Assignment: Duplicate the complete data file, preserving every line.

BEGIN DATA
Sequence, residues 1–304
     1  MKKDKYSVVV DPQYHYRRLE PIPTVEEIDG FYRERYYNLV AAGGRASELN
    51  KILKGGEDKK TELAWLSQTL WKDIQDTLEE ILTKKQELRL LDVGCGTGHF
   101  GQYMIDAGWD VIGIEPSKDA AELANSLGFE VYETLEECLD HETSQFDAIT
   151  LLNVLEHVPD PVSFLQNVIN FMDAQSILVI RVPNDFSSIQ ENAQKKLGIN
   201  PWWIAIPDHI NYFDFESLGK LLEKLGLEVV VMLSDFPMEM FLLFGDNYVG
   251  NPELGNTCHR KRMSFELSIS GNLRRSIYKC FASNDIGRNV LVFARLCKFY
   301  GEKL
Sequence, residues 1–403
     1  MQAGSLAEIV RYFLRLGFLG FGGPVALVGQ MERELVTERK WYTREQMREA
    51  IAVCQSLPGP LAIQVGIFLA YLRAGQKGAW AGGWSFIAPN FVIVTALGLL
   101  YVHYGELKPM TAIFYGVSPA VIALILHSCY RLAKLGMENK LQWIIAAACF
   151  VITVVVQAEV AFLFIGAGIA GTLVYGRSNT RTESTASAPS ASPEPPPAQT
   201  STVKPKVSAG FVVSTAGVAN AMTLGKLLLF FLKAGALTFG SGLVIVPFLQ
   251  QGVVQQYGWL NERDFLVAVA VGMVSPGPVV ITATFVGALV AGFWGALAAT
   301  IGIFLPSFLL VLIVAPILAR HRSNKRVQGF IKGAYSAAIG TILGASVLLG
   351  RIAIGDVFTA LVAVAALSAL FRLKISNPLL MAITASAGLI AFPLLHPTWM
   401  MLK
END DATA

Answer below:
Sequence, residues 1–304
     1  MKKDKYSVVV DPQYHYRRLE PIPTVEEIDG FYRERYYNLV AAGGRASELN
    51  KILKGGEDKK TELAWLSQTL WKDIQDTLEE ILTKKQELRL LDVGCGTGHF
   101  GQYMIDAGWD VIGIEPSKDA AELANSLGFE VYETLEECLD HETSQFDAIT
   151  LLNVLEHVPD PVSFLQNVIN FMDAQSILVI RVPNDFSSIQ ENAQKKLGIN
   201  PWWIAIPDHI NYFDFESLGK LLEKLGLEVV VMLSDFPMEM FLLFGDNYVG
   251  NPELGNTCHR KRMSFELSIS GNLRRSIYKC FASNDIGRNV LVFARLCKFY
   301  GEKL
Sequence, residues 1–403
     1  MQAGSLAEIV RYFLRLGFLG FGGPVALVGQ MERELVTERK WYTREQMREA
    51  IAVCQSLPGP LAIQVGIFLA YLRAGQKGAW AGGWSFIAPN FVIVTALGLL
   101  YVHYGELKPM TAIFYGVSPA VIALILHSCY RLAKLGMENK LQWIIAAACF
   151  VITVVVQAEV AFLFIGAGIA GTLVYGRSNT RTESTASAPS ASPEPPPAQT
   201  STVKPKVSAG FVVSTAGVAN AMTLGKLLLF FLKAGALTFG SGLVIVPFLQ
   251  QGVVQQYGWL NERDFLVAVA VGMVSPGPVV ITATFVGALV AGFWGALAAT
   301  IGIFLPSFLL VLIVAPILAR HRSNKRVQGF IKGAYSAAIG TILGASVLLG
   351  RIAIGDVFTA LVAVAALSAL FRLKISNPLL MAITASAGLI AFPLLHPTWM
   401  MLK